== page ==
Where a service charge reflects some costs which are in time and some costs which are not, only the out-of-time costs are statute barred (Holding & Management (Solitaire) v Sherwin  UKUT 412 (LC)). This may involve an accounting exercise, the rules for which have yet to be established. Careful records should be kept.
It is unclear whether the accounting exercise would factor in money actually spent or only money reasonably spent within s.19 LTA 1985. There is a suggestion in Sherwin (at ) that it is only money reasonably spent, which would mean that less expenditure could be attributed to the balancing payment.
Make sure that you are aware of when a demand will need to be served if it is going to come within the 18 month rule, bearing in mind the provisions for service in the lease.
Particularly if close to the deadline, care should be taken to comply with requirements in the lease and in the statute.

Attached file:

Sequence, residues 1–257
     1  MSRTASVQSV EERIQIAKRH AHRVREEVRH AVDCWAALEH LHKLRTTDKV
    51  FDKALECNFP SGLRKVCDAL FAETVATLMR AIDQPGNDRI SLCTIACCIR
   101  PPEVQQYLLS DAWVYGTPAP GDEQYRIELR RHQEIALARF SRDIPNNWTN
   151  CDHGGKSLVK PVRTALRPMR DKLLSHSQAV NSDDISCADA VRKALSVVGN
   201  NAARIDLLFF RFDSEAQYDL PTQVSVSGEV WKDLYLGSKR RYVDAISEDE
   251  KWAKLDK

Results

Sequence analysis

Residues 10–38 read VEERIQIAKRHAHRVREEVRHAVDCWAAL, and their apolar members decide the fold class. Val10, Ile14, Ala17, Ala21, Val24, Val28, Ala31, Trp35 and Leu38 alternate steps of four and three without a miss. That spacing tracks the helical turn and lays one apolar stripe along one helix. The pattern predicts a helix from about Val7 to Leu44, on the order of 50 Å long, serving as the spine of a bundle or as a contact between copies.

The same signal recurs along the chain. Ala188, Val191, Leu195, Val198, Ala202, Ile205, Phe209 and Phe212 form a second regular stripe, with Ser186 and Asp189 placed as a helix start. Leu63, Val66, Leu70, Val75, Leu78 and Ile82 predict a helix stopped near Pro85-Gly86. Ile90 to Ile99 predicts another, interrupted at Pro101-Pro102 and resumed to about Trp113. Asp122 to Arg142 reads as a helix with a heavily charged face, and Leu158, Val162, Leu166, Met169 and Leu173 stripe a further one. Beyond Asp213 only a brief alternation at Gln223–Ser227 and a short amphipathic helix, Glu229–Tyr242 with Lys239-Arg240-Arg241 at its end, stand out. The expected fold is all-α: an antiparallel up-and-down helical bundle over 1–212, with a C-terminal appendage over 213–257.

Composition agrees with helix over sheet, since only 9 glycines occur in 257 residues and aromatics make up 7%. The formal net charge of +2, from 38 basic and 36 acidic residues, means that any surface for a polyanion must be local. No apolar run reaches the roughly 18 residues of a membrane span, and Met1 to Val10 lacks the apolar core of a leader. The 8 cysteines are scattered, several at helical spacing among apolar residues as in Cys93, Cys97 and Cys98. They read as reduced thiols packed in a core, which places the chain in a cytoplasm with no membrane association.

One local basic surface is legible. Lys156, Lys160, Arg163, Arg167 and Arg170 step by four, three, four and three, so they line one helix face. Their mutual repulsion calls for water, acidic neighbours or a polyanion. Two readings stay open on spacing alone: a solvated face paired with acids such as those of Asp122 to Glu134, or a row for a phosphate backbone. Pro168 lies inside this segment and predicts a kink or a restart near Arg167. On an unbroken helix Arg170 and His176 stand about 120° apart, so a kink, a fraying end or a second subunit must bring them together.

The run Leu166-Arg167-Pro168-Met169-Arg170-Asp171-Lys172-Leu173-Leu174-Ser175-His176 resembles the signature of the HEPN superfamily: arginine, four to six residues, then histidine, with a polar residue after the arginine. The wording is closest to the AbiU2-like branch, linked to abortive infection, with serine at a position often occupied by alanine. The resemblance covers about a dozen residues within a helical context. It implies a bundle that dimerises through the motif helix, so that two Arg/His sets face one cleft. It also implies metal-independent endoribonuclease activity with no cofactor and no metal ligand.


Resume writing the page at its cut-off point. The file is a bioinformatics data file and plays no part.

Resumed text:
Make sure that demands are demands, not merely letters providing information, as they may not count for the purposes of s.20B (see e.g. Paddington Walk Management at . For more detail on the meaning of ‘demand’, see Brent LBC v Shulem at -).
The relevance of s.20B can be considerably reduced by drafting the lease to include a right to advanced payment of estimated costs on account (see, confirming the effectiveness of this method, Skelton v DBS Homes (Kings Hill) Ltd  UKUT 0379 (LC)). Note however that demands for payment of balancing charges still come within the section.
The issue can be avoided if a flat rate is used, though this risks incurring liabilities with no indemnity.
Close attention must be given to the formalities in s.20B(2) notices.
Keep careful records in case an accounting exercise is necessary.
Once a demand is made, be alive to the provisions of the Limitation Act 1980.
 Relevant costs being defined in s.18 LTA 1985, referred to above.
 There is an appeal to the Court of Appeal outstanding in Skelton so the position must be monitored